How to Take Care of a Kitten
Kittens are fun bundles of energy that bring light-hearted joy into your home. Even though full-grown cats are largely independent and wise about staying out of trouble, kittens are infinitely more curious and require a bit more care and guidance. It’s your job to teach your kitten how and where to use the litter box, what to and not to eat, where to sleep, and more.
Securing Your Home for a Kitten
Kittens are curious creatures. They experience their environment through their senses, which means that they’re inclined to lick, chew, and eat things they come across. Many of these things you won’t want your kitten exposed to. Get anything that your kitten might chew, eat, or choke on out of the way. This could include things like pencil erasers, toilet paper and paper towels, writing paper, children’s toys and component parts, ponytail holders, etc.
Basically, get things that could be swallowed or chewed off and swallowed away from where your kitten will begin their life in your home.
Feeding Your Kitten
Another aspect of how to take care of a kitten pertains to food. While people find and adopt kittens at all ages, kittens are typically adopted at 10-12 weeks old. Some may be adopted earlier or even found before they’re supposed to be weaned.
Thus, what you feed your kitten depends on age. If your kitten should still be nursing, you can get a kitten bottle and kitten formula from your vet or pet food supplier and “nurse” your kitten until they’re ready to transition to solid food.
Kitten weaning begins at 4 weeks, and by 6 weeks, kitten should be able to eat solid foods without needing any supplementation.
You should feed your kitten a food made specifically for kittens. Kitten food has proteins, vitamins, and minerals that are essential for the rapid growth and development your kitten will experience in their first year of life. A good kitten food will also sustain your kitten’s high energy levels.
Kittens should eat 3-4 times per day. The need to eat so frequently will taper off as your kitten’s energy levels and growth levels out; however, early on—in the first year—your kitten will need to eat often.
Setting Up the Litter Box
In addition to getting your kitten set up with kitten food, your kitten will also need a place to dispense of waste. You’ll want to set up a litter box. A lot of people designate a spot in the laundry room or their own bathroom for the litter box. Your main goal is making sure it’s accessible for your kitten but not temping to other pets if you have any.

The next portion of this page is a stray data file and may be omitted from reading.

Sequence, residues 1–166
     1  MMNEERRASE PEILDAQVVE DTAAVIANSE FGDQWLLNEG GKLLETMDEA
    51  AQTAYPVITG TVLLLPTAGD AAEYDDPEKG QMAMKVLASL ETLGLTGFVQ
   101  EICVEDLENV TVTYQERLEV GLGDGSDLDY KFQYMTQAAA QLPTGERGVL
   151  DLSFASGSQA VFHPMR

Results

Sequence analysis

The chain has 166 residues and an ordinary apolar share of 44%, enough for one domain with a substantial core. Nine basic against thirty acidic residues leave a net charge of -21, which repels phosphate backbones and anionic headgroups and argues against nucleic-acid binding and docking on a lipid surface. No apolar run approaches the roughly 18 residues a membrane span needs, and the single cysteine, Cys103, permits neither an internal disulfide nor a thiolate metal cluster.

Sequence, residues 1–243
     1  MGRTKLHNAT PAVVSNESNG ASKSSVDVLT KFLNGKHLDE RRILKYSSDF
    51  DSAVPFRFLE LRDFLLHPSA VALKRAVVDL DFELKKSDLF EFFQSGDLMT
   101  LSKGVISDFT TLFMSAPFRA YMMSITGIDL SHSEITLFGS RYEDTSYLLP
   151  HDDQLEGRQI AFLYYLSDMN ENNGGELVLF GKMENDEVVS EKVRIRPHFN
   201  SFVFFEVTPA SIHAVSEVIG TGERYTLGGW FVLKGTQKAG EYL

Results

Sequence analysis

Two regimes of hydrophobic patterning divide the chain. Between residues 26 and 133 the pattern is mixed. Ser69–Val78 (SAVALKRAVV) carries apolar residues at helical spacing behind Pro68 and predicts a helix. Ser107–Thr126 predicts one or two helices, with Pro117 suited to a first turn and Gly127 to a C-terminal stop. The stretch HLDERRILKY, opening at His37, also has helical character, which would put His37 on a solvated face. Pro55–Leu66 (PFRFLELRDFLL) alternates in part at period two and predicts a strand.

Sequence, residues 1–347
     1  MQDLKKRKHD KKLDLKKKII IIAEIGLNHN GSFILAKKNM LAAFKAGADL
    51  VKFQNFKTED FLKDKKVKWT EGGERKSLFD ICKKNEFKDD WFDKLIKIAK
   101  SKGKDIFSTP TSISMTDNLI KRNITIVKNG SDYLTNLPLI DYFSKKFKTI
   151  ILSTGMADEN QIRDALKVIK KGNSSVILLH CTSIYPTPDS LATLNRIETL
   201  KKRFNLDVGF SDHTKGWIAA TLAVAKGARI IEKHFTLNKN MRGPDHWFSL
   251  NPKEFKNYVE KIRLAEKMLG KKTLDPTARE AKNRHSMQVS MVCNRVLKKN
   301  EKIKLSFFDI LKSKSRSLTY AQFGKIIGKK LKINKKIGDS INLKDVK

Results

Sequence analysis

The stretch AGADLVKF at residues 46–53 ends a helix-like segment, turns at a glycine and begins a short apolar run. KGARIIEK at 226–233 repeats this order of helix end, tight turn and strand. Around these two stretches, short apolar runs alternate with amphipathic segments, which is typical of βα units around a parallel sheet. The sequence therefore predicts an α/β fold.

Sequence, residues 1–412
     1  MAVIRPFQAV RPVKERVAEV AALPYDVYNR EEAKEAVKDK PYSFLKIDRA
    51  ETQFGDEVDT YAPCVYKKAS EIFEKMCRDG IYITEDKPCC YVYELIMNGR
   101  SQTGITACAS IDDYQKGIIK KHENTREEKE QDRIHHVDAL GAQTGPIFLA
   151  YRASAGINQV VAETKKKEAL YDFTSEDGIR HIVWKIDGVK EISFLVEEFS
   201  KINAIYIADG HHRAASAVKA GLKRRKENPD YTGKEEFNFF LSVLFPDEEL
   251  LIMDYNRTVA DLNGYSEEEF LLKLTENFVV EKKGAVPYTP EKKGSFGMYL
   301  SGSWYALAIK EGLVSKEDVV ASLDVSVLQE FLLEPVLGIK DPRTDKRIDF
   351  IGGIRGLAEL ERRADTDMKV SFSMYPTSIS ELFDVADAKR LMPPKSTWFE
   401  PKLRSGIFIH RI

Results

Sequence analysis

You’ll want to show your kitten where the litter box is. While many kittens instinctively know what to do when they have business (dig, cover), they don’t always know where to do it. Show your kitten several times a day where the litter box is. It won’t take long for them to find it when they need it.
Give Your Kitten Toys
When it comes to how to take care of a kitten, once you’ve got your basic bases covered, you’ll want to address their primal instincts. Kittens love to hunt and scratch and play. They need toys to fulfill these needs so your drapes, couch, and shoelaces don’t become the objects of your curiosity.
- Toys to start your kitten off with include:
- A scratching post
- Toy mice
- Toys on a string, so you can play with your kitten
If you buy your kitten a toy they don’t like…it’s okay. There are a ton of options out there; something will strike your kitten’s fancy!
Create a Happy Sleeping Space
Your kitten needs a place of their own to sleep. Kittens get lonely for their litter mates and their mother, so invest in a plush kitten bed that helps stimulate a companionable environment. You can also get a ticking clock and wrap it in a blanket if your kitten is extremely young; this simulates the mother cat’s heartbeat.
Kittens also love a stuffed animal. Buy a plush toy with no detachable parts or parts that can be chewed off and put it in your kitten’s bed. Many kittens will snuggle up to a stuffed animal.
Get Your Kitten to the Vet
Finally, you want to take your kitten to the vet for vaccinations, spaying or neutering, and chipping. Kitten vaccines start at 6-8 weeks. This is the time maternal immunity wears off. Vaccines help your kittens build their own immune systems, essential for lifelong health.
Kittens should also get spayed or neutered. Even if you have an indoor cat, if you don’t plan to breed, a non-spayed or neutered cat will go through “heat” and will either spray or experience a menstrual cycle. This usually happens by the time your kitten is six months old, so getting your kitten fixed early is a good idea.
Finally, you’ll want your vet to chip your kitten. Chipping costs about as much as two venti lattes from Starbucks with an extra shot, so it’s well worth it. While chips don’t track lost kittens and cats, they do enable them to be found when and if they’re lost and recovered. Many pets have been rescued and returned home because they’re chipped.
The main thing when it comes to how to take care of a kitten is setting them up for a lifetime of love and support and care. With the right food, health care, things to play with, and a safe space to eat, sleep, and play, you will take perfect care of your kitten!
Kittens are such fun additions to any household. When it comes to how to take care of a kitten…you just need patience, a great sense of humor, and quality kitten food like the formulas made at Wellness Pet Food. A food made just for kittens goes a long way in their overall health, happiness, and growth.
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Complete Health Variety Packs
Kitten: Chicken | Whitefish & Tuna
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